Argovia-Projects 2014

Project Project Leader Collaborators
A9.2 em-SELECT Polymer Emulsion Segmented Electroconductive Nano Fibres for antistatic textile finishing U. Pieles (FHNW Muttenz) J. Gobrecht (PSI), C. Denier (FHNW), M. Height (HeiQ Materials AG, Bad Zurzach; AG)
A9.6 NANOFIL Functionalized nanofiber-enhanced filter media for fine particle and heavy metal removal in flue gas and sewage water C. Ludwig (PSI) T. Griffin (FHNW Windisch), U. Pieles (FHNW Muttenz), I.-V- Thanou (Alstom AG, Birr; AG)
A9.7 NanoSiCTrenchFet Physical Studies of SiC Nano-Trench-MOSFETs M. Schnieper (CSEM Muttenz) N. Marjanovic (CSEM Muttenz), J. Gobrecht (PSI), E. Meyer (Uni Basel), R. Minamisawa (ABB Switzerland Ltd. Baden-Dättwil; AG), H. Bartolf (ABB Switzerland Ltd. Baden-Dättwil; AG)
A9.9 NANOzyme Novel Nanobiocatalysts based on confined and concerted artificial and natural enzymes P. Shahgaldian (FHNW Muttenz) P.F.-X. Corvini (FHNW Muttenz), T. Ward (Uni Basel), A. Cumbo (INOFEA GmBH, Basel; BS)
A9.10 PATCELL Surface-patterning of PLGA for Improved Cell Interaction and Tissue Integration of Resorbable Fixation Implants M. Kristiansen (FHNW Windisch) V. Guzenko (PSI), J. Lungershausen (FHNW ), J. Köser (FHNW Muttenz), S. Beck (Synthes, Oberdorf; BL)
A9.12 SCeNA Single cell nanoanalytics T. Braun (Uni Basel) H.P. Lang (Univ Basel), G. Schlotterbeck (FHNW Muttenz), G. Dernick (Roche, Basel; BS)
A9.15 SINAPIS Niederdruck Wasserstrahl injizierte Nanopartikel zur Verbesserung von Implantaten R. Schumacher (FHNW Muttenz) M. de Wild (FHNW Muttenz), O. Braissant (Uni Basel), M. Straubhaar (WATERjet Robotics AG, Oftringen; AG)

A9.2 em-Select – With nanotechnolgy to new textiles


In the project em-Select, led by Professor Uwe Pieles from the University of Applied Sciences (FHNW), scientists study new fabrics with antistatic properties.

Modern textiles made from natural or synthetic fabrics often charge themselves electrostatically. They cannot transport electrical charges and therefore these charges accumulate on the surface of the textiles. Under certain conditions, the electrostatic discharge can cause fire and explosions and can lead to a malfunction of electronic devices. Especially in sensitive areas of hospitals with life sustaining electronic equipment, the electrostatic charge of textiles and the connected discharge should be prevented and needs to be addressed. Metal or carbon fibers in the fabric or chemical coatings can reduce this problem. However, these treatments come along with reduced wear comfort, durability or optical appearance.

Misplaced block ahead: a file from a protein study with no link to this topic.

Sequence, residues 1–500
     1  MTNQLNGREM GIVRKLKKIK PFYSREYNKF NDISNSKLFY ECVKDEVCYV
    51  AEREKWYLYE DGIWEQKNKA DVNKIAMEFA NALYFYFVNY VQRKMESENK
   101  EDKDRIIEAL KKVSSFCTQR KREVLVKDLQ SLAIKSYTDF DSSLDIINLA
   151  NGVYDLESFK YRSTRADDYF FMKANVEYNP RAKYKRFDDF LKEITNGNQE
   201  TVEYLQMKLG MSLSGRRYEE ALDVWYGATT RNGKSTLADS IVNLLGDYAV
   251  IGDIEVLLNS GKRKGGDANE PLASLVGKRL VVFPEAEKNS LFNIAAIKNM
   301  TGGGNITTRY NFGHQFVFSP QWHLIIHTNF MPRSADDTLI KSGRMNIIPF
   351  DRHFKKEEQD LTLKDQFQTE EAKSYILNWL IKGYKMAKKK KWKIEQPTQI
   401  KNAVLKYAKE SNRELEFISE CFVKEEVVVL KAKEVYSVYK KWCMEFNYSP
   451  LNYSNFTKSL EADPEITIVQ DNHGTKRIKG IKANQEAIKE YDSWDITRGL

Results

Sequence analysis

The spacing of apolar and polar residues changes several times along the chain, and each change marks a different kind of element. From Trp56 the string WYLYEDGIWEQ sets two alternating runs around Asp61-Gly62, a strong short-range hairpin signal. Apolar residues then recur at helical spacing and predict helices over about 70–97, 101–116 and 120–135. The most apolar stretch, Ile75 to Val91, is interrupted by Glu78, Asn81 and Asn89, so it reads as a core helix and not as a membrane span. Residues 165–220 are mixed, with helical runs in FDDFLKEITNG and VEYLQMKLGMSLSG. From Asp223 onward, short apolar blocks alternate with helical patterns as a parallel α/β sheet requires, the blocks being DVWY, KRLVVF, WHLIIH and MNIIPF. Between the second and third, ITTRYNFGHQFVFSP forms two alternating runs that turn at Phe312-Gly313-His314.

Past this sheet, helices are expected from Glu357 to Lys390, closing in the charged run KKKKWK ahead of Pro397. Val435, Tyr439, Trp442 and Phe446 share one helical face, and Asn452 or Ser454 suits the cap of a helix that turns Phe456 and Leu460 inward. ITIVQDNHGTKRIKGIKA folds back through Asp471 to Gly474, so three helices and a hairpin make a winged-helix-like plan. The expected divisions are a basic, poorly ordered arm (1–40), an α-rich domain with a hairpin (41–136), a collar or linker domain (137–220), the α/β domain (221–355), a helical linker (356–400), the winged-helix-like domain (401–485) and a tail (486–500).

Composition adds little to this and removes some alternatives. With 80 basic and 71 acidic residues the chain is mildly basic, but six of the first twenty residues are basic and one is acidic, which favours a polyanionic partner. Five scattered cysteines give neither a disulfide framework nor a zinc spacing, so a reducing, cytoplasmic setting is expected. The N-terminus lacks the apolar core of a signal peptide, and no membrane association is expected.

In the Argovia project em-Select, the research team aims to study an entirely new approach to address antistatic properties of textiles, avoiding the mentioned disadvantages. They produce nanometer-sized fibers from a mixture of conductive and non-conductive water-soluble polymers. The scientists apply this mixture in the textile finishing process so that the surface of the fabric is finally covered with a network of conducting polymer fibers. They allow the transport of electrostatic charges and prevent an accumulation or sudden discharge.

In the Argovia project em-Select, researchers from the FHNW in Muttenz and Windisch work closely together with colleagues from the Paul Scherrer Institut and the Swiss company HeiQ Materials in Bad Zurzach.


A9.6 NANOFIL – Better filters for the environment


The project NANOFIL has the ambitious goal of developing new filter systems that remove fine particles and heavy metals from flue gas and contribute to the reduction of environmental damage. Project leader Professor Christian Ludwig from the Paul Scherrer Institut works together with colleagues from the University of Applied Sciences in Muttenz and Windisch and the Swiss company ALSTOM.

Micro- and nanoparticles are abundant in flue gas but are difficult to filter with conventional filter systems. The same holds true for heavy metals such as mercury, arsenic or cadmium. They pollute the environment dramatically but are difficult to remove. Especially, in rapidly growing emerging countries in Asia and South America, these fine particles and heavy metals represent a growing burden for the environment and already now are accountable for many health problems. In industrial nations these issues are also becoming important topics.

The scientists that are involved in NANOFIL have now developed a novel concept to filter nano- and microparticles as well as heavy metals from air. They use fabric grafted with a nanofibre network that mechanically removes the very fine particles. These nanofibres are chemically functionalized and therefore allow the efficient absorption of heavy metals and their removal from air. This step is challenging as heavy metals can appear in different chemical forms with different chemical properties. In this Argovia project, researchers will select suitable functionalized nanofibres, examine the manufacturing of filter samples and proof the concept under simulated test conditions.

A9.7 NanoSiCTrenchFet – Microscopic Trenches Promise Improvements